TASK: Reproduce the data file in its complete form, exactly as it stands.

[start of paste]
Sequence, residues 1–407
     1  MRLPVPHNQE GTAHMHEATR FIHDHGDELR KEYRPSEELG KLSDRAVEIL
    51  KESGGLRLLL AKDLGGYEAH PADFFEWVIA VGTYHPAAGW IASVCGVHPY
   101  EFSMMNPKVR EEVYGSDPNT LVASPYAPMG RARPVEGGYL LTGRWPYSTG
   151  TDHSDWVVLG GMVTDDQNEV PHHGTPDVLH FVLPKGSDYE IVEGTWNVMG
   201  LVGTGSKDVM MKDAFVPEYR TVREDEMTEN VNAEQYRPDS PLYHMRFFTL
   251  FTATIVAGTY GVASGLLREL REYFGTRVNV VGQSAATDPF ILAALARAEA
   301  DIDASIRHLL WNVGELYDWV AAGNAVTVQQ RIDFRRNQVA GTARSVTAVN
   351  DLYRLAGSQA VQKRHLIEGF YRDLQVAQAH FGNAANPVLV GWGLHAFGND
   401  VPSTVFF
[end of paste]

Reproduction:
Sequence, residues 1–407
     1  MRLPVPHNQE GTAHMHEATR FIHDHGDELR KEYRPSEELG KLSDRAVEIL
    51  KESGGLRLLL AKDLGGYEAH PADFFEWVIA VGTYHPAAGW IASVCGVHPY
   101  EFSMMNPKVR EEVYGSDPNT LVASPYAPMG RARPVEGGYL LTGRWPYSTG
   151  TDHSDWVVLG GMVTDDQNEV PHHGTPDVLH FVLPKGSDYE IVEGTWNVMG
   201  LVGTGSKDVM MKDAFVPEYR TVREDEMTEN VNAEQYRPDS PLYHMRFFTL
   251  FTATIVAGTY GVASGLLREL REYFGTRVNV VGQSAATDPF ILAALARAEA
   301  DIDASIRHLL WNVGELYDWV AAGNAVTVQQ RIDFRRNQVA GTARSVTAVN
   351  DLYRLAGSQA VQKRHLIEGF YRDLQVAQAH FGNAANPVLV GWGLHAFGND
   401  VPSTVFF